When we first decided to make Martin Pescador (Kingfisher), a short eco-film entirely in Spanish, I naively imagined that the linguistic challenges would be the greatest we would face. I was wrong. On location in the nearby woods, our nine-year-olds had to contend not only with a hay fever epidemic, but also a steady stream of interested dogs, oblivious joggers and bell-ringing cyclists, along with two large - but gracious - horses.
The sun was shining. The poppies were in full bloom. School was out; we had closed our books. We were being Spanish children on a field studies trip in search of the elusive kingfisher. But the director, a freelance colleague, did not like my opening scene: it was too scripted. He wanted the camera to come across the children playing "naturally".
It was the actors themselves who improvised the solution, launching energetically into Roca, Papel, Tijeras (Scissors, Paper, Stone), followed by Correquetepillo (Catch). It was a moment of epiphany. Not only were all those things learned in the classroom useful, but they had been thoroughly assimilated, too.
As the day rolled on, more radical improvisation was required. Charles had to leave two-thirds of the way through filming, forcing us to recast him as a drop-out. When the bird-spotters are interrupted by a posse of lager-fuelled louts, causing them to scatter like a flock of startled sparrows, he duly does a runner. Emerging timidly from hiding, the others assume civic responsibility for clearing up the mountain of litter left by the villains who have spoiled the beauty of the forest.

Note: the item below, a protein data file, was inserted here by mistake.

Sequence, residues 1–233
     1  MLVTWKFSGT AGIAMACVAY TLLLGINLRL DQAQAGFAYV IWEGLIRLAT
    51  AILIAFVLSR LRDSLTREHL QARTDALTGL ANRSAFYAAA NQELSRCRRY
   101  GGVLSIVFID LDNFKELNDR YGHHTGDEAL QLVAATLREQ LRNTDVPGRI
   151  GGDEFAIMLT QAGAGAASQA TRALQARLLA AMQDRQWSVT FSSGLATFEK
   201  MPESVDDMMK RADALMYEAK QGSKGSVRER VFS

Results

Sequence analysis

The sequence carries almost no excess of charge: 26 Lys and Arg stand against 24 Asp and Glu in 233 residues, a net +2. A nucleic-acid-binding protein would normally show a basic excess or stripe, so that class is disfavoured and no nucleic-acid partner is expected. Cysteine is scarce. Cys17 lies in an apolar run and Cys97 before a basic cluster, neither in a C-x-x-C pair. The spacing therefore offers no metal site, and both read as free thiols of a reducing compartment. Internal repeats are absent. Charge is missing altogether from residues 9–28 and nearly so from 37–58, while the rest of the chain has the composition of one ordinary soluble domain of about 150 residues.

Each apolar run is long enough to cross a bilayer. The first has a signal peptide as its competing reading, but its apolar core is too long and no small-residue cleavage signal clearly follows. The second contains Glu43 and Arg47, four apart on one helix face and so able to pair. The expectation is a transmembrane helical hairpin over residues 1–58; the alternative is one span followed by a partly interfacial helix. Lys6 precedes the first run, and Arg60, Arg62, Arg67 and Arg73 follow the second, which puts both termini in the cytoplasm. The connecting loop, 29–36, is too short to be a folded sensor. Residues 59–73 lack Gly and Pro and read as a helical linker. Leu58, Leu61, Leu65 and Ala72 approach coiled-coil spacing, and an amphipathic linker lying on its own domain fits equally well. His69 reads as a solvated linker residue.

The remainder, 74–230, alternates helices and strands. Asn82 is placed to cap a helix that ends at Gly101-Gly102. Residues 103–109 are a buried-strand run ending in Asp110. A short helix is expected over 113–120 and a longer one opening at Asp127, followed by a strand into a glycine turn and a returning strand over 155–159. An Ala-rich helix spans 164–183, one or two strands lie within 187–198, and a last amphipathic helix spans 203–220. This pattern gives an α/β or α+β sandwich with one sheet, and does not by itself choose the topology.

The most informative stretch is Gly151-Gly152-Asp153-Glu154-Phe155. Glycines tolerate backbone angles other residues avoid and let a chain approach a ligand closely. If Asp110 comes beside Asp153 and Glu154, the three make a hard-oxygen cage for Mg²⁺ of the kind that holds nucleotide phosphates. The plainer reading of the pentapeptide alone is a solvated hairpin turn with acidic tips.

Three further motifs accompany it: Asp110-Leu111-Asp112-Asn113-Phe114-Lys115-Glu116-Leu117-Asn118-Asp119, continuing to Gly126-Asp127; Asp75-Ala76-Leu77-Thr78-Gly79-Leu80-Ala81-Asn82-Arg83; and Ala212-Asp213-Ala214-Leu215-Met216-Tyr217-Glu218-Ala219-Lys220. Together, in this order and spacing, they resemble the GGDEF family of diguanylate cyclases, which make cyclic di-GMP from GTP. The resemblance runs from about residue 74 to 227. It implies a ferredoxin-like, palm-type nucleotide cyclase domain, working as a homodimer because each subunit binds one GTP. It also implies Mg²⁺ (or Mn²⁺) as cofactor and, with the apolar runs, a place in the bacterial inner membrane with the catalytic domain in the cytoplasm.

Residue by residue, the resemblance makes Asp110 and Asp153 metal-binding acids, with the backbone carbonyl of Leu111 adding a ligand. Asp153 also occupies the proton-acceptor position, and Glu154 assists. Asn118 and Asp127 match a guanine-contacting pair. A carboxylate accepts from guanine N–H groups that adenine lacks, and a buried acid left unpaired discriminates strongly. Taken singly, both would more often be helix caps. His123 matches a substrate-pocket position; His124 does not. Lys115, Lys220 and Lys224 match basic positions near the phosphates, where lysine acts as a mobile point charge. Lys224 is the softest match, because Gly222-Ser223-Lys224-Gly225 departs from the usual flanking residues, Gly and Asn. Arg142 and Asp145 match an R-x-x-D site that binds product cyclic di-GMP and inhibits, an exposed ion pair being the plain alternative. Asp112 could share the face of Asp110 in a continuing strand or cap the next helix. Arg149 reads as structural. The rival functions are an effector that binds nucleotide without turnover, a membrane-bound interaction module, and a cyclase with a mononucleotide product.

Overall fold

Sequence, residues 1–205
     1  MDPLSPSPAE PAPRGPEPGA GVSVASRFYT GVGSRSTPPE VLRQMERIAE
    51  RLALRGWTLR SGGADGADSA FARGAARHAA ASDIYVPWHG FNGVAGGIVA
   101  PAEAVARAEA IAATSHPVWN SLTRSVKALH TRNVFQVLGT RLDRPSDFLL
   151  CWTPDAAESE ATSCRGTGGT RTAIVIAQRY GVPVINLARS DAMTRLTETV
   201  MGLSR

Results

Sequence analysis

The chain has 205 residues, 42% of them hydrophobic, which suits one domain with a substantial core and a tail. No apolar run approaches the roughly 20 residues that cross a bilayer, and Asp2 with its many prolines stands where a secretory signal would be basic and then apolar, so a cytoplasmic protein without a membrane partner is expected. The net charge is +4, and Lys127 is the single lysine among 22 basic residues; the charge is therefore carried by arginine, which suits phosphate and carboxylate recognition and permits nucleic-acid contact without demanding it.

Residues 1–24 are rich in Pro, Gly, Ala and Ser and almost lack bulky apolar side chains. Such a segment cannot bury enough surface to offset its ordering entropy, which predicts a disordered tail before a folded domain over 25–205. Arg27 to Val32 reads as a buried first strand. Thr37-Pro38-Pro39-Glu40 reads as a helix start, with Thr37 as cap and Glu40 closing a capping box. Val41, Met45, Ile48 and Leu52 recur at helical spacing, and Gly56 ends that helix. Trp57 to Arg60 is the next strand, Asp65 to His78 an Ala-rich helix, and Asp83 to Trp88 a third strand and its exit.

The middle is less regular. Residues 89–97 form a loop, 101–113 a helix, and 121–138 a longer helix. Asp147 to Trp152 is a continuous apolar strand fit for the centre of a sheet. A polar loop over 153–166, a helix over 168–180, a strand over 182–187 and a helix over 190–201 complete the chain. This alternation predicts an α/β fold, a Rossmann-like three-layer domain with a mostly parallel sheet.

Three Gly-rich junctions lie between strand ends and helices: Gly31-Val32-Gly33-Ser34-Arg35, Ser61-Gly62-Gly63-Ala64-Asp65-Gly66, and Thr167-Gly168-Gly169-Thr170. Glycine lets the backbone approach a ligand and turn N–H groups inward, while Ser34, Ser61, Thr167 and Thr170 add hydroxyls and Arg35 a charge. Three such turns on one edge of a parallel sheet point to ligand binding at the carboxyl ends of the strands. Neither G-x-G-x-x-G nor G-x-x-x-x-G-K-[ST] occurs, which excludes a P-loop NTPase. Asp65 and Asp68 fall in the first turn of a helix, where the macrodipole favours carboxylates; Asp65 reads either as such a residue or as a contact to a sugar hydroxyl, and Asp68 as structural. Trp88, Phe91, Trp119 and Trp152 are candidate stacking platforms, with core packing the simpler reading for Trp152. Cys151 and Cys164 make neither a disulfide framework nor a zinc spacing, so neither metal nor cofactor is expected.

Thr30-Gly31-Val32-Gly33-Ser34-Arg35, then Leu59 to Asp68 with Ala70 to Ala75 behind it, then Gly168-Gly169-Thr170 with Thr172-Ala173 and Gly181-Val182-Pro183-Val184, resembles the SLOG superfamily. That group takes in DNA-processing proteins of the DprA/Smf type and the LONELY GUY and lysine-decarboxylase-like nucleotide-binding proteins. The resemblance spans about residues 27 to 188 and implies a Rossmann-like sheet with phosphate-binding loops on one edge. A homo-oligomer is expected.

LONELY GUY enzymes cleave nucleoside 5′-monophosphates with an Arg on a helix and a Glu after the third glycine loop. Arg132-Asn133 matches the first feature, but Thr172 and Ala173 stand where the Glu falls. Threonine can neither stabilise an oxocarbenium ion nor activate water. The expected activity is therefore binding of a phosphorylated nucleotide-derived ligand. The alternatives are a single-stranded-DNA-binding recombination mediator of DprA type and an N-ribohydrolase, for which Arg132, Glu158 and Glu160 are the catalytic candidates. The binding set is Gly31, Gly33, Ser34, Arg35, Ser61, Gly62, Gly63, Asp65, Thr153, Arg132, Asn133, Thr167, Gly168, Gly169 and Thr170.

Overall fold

The six-minute film was triggered by a competition run by the Spanish Embassy, and chimed harmoniously with the school's first ever week of dedicated environmental activities. It provided the ideal opportunity to put the theory of integrated learning into practice, with the added bonus of an early apprenticeship in film studies.
The children were essentially playing themselves: Charles really is quick-witted, in a hurry, perpetually in motion. The film is punctuated with his impatient cry: "Vamos a jugar al futbol!" ("Let's go and play football!")
We returned home from the shoot grubby and exhausted, legs scratched and half a tube of Anthisan down. We may have stumbled over the occasional log or syllable, but the music of the language is crystal clear, with the rhythm, intonation and expression the best possible evidence of the children's feeling for the words. I asked them what they would remember most and the verdict was unanimous: all that cold water in their wellies.
And there was more good news. Earlier this month Martin Pescador was named the winner of the 2012 Spanish Embassy Film Competition, which was open to all Spanish-teaching institutions in the UK: primary, secondary and FE.
Dr Heather Martin is head of modern languages and curriculum coordinator at St Faith's School, Cambridge
Practise Spanish vocabulary with vandersar's interactive cops and robbers board game.
Help pupils to write reviews of their favourite films in Spanish with a scheme of work from QCDA_Resources.